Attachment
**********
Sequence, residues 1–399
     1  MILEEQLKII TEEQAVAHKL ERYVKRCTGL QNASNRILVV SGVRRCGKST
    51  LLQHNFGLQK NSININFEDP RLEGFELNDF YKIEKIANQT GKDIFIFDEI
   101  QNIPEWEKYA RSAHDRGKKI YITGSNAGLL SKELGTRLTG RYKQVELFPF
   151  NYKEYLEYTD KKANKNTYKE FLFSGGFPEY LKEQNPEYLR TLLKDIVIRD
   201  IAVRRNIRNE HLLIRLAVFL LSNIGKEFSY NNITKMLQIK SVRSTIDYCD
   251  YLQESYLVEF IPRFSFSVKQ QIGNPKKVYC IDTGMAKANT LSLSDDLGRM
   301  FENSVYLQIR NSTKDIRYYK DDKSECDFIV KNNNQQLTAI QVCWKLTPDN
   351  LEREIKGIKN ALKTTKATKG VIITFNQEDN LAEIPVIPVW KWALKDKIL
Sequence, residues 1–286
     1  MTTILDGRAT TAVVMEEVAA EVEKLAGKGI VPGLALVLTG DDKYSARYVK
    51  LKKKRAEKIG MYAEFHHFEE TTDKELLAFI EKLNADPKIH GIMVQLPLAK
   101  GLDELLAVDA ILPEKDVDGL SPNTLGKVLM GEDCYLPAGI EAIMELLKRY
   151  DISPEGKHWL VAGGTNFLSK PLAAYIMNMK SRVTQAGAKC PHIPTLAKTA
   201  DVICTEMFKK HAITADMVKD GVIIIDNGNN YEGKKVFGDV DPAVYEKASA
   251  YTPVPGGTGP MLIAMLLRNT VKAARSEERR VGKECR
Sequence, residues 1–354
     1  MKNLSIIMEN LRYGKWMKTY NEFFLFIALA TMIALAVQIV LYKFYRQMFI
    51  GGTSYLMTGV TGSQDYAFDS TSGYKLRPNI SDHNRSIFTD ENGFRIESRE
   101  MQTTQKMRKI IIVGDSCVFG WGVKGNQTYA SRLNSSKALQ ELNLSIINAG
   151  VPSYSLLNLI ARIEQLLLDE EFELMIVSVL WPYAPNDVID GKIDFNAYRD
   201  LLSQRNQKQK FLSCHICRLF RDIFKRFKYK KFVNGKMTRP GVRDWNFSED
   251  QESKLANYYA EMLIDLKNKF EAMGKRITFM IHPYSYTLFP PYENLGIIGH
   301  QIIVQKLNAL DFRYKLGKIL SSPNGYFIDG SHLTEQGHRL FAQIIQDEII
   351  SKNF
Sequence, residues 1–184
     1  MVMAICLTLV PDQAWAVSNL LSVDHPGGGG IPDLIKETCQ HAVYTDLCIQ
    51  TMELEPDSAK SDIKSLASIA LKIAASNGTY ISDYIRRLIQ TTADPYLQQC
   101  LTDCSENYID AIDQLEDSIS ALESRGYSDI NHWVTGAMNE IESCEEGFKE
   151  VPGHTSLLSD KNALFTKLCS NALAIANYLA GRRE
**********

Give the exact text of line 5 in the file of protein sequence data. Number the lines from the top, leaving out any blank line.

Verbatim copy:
   151  NYKEYLEYTD KKANKNTYKE FLFSGGFPEY LKEQNPEYLR TLLKDIVIRD